It was not the idea that spoke to people’s mind when first presenting my work at The Waag, but it was the physical representation of the concept that made people see the possibilities of physical computing.
So what I have learned about design in practice, is that it does not take a brilliant idea to innovate, but in practice innovating is being able to communicate the essence of an idea to other people, trough design.
Within a company, people make decisions based on available time and money. I noticed this when the Waag was preparing an exhibition in Berlin. Because of my technical skills and experience at the Fablab, I was invited to come to Berlin, but a few weeks later, financial problems arose and the whole event seemed cancelled.
I was a bit surprised, because I was looking forward to the exhibition. A week later, I was told that the event would continue, but in a reduced format. By that time I was confused and amazed that such important decisions (to participate or not) could be made so close to the actual event, only based on financial aspects.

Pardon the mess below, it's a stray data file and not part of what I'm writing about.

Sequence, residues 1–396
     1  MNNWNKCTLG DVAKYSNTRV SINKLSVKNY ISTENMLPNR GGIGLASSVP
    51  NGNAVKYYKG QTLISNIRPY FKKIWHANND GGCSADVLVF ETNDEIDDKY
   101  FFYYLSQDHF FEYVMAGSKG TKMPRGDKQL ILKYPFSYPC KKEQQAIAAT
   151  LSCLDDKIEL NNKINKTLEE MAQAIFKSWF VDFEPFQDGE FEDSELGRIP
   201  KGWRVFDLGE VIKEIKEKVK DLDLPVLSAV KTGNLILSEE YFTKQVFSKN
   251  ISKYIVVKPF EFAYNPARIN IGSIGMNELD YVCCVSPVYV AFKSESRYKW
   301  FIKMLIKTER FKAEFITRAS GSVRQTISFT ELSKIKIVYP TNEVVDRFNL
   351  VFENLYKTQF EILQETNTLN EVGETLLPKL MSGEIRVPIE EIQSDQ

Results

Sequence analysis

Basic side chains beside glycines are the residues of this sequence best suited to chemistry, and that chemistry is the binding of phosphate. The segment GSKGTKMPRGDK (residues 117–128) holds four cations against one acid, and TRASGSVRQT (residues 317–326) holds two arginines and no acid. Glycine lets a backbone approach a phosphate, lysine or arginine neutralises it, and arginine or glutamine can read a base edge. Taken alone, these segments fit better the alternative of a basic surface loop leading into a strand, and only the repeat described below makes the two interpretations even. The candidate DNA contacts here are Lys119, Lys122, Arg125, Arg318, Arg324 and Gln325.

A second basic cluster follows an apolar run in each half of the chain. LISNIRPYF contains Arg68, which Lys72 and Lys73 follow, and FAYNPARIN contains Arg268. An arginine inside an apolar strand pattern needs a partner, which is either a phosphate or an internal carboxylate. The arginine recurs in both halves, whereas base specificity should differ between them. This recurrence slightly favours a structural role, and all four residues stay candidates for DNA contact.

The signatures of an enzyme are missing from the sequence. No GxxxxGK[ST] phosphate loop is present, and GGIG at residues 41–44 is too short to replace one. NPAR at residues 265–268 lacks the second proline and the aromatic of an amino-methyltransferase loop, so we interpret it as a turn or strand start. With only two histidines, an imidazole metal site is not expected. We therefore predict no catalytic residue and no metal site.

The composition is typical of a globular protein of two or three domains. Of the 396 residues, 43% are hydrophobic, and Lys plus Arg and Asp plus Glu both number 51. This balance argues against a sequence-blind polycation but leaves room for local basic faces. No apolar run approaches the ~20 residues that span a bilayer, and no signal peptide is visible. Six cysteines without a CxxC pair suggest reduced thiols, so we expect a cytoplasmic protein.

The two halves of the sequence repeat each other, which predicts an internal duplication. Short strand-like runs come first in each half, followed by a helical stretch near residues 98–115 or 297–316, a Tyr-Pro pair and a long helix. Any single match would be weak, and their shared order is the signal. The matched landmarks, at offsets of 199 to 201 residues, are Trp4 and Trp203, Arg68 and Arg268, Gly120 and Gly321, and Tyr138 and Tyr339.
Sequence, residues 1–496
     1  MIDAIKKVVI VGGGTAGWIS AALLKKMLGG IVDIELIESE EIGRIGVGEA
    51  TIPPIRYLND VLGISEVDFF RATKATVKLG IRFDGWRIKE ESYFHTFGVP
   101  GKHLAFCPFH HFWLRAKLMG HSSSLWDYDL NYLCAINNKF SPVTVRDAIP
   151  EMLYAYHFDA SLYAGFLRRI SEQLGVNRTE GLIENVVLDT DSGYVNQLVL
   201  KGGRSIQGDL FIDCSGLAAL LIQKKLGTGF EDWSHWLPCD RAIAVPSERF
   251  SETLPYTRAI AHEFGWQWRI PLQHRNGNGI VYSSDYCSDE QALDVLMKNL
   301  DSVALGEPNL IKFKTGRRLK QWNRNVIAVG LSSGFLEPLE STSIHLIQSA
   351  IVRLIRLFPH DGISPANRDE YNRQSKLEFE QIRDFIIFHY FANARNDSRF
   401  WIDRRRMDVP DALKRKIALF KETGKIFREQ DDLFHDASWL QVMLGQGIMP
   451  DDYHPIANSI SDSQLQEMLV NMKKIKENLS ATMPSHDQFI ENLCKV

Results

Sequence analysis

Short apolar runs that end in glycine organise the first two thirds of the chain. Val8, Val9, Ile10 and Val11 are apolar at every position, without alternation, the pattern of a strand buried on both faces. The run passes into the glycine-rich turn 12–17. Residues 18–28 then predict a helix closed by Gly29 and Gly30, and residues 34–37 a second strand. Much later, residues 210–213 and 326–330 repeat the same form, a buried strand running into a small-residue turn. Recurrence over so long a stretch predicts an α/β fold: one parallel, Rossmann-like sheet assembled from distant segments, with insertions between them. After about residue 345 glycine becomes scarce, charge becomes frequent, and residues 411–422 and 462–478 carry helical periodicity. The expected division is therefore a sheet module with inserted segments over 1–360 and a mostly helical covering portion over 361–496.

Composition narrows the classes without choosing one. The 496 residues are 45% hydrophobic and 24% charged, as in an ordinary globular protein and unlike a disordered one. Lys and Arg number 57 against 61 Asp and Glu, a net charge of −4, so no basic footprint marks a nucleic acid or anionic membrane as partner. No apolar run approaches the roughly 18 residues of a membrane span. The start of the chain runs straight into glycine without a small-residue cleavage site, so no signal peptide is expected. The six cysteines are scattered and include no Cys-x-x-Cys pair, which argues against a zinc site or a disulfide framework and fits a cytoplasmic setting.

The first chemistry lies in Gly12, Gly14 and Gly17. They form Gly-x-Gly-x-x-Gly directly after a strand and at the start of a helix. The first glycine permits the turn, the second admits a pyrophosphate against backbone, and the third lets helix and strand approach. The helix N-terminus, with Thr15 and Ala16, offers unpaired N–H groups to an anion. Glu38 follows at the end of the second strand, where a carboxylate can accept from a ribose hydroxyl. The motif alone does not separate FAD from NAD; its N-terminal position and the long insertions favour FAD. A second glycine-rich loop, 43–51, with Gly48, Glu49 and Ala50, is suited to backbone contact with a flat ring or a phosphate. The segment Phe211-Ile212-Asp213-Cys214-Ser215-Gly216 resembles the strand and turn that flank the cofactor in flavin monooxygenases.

In the end, we went to Berlin with a group of 4 people: 2 designers and 2 interns from Fablab; I was one of the interns. The concept that was presented, personal downloadable design, received lots of attention during and after the exhibition. If the event had been cancelled, the two designers would have never had as much as publicity as they have now.
This showed me the importance of good communication within a company. The information I received about the event was so contradictory, that I did not know whether I would participate in the end. For me this was a real-life experience of how communication in a company could affect design.